Paula and Lester offer individual and group supervision that is relevant to the counsellors’ level of experience and development. Our intention is to be supportive whilst encouraging supervisees to examine their work, think for themselves and develop awareness of and trust in their own experiencing. It is essential that supervisees feel comfortable enough with their supervisor or within a supervision group to be self reflective and to explore their client work openly.
Collaborative model of supervision
Supervisor and supervisee(s) engage together to understand and to explore supervisory material such as the relationship between counsellor and client, ethical issues and the supervisee(s) personal and professional development. This is a joint process and it is understood that each person has something important to bring to the enquiry, for example professional experience, intuition, cognitive understanding, knowledge, wisdom and relationship with the client. Paula and Lester find that collaborative supervision is most effective when there is a trusting, warm and respectful relationship between supervisor and supervisee(s). We carefully consider any feedback from supervisees and welcome discussion.
Paula and Lester explain that they are available to discuss supervisory matters between sessions when necessary and provide contact details.
Individual one to one Supervision - The first session is an opportunity to get to know each other, to check that we wish to continue working together and to discuss any expectations and concerns regarding supervision. Areas of importance include the level of confidentiality, frequency, length and cost of sessions.
Group Supervision - Often group supervision is within a counselling placement or a work environment although arrangements can be made for Paula or Lester to supervise groups on a private basis. During first sessions we meet and introduce ourselves, Areas of discussion are likely to include confidentiality, requirements of the organisation, how to use and divide the time available and participants’ counselling approaches. Supervisees may have various therapeutic approaches. Paula and Lester are person-centred practitioners with knowledge of and respect for other perspectives. Our intention is to facilitate supervisees to work beneficially and ethically according to their own approach.
What do we talk about during Supervision?
Supervisees express and explore their worries, difficulties, irritations and uncertainties. They may share their pleasure in a clients’ process of change and signs of healing. We recognise the value of supervisees’ work.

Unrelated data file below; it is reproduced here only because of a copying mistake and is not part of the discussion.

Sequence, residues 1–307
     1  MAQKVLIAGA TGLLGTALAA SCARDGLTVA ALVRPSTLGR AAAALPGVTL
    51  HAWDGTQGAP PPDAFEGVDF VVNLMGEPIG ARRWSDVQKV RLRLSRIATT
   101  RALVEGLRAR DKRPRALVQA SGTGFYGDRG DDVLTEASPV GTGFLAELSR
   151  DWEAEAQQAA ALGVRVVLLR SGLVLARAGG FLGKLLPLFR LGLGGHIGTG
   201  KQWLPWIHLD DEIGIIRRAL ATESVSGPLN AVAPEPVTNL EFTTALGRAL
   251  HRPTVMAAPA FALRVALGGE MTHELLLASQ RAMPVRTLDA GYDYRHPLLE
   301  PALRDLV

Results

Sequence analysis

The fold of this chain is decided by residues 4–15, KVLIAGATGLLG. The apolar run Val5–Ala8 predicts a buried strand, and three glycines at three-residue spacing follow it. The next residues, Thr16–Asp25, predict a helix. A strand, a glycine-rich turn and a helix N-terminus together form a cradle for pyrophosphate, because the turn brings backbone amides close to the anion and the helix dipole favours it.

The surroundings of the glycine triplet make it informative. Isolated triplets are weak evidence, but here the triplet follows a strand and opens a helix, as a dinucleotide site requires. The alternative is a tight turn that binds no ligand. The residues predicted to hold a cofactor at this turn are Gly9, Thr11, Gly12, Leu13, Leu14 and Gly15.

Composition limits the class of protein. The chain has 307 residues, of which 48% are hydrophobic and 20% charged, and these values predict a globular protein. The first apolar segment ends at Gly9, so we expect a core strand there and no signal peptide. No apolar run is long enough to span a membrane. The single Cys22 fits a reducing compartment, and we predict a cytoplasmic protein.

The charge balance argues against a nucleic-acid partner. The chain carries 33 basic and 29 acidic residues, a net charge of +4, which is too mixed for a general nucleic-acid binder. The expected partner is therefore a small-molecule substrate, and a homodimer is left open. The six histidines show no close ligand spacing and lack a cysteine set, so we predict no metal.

Supervisees talk about what happened in a counselling session and explore any area that seems to be important or significant. We consider supervisees’ perceptions and experiences of their clients and their clients’ material. We try to understand issues empathically from the client’s point of view.
We explore supervisees’ therapeutic relationships. Areas include the effects of
gender upon a counselling relationship, power dynamics between the helper and the helped, levels of openness between counsellor and client and whether there is a sense of connection or distance between them.
We work with anything that is blocking a supervisee from being fully present with clients and from being accepting, empathic and genuine. Examples are personal issues, irritation with a client (eg for missing sessions), difficult client material (eg abuse), feeling afraid or uncomfortable with a client, race, religious and cultural differences between counsellor and client, sexual attraction and many more issues.
We consider appropriate boundaries and boundary issues in counselling and supervisory relationships.
We look at therapeutic responses and interventions, what to say and whether or not to take a risk.
We explore theoretical understandings and link theory to practice
We ensure that the supervisee is working ethically and meeting client needs. We refer to the BACP Code of Ethics as necessary. Dilemmas can occur and we carefully consider what is most therapeutic and ethical in these situations.
In one to one supervision we have honest discussion regarding the relationship between supervisee and supervisor as necessary. In group supervision it may also be important to explore group dynamics and relationships and to work together with any conflicts that occur. We may work with current issues within a supervisees’ counselling course, counselling placement or working environment.
Personal and Professional Development
Paula and Lester are concerned with facilitating supervisees’ personal and professional development and view the former as being fundamental to the latter, for example developing an empathic, accepting and genuine way of being and developing trust in one’s perceptions and intuition. We are interested in supporting supervisees’ to become aware of their personal experiencing within client relationships (congruence). This allows supervisees to share their insights with clients when therapeutic and to work with clients at relational depth (relational connection). Another aspect of professional development is looking at what is useful for supervisees in terms of reading and further training.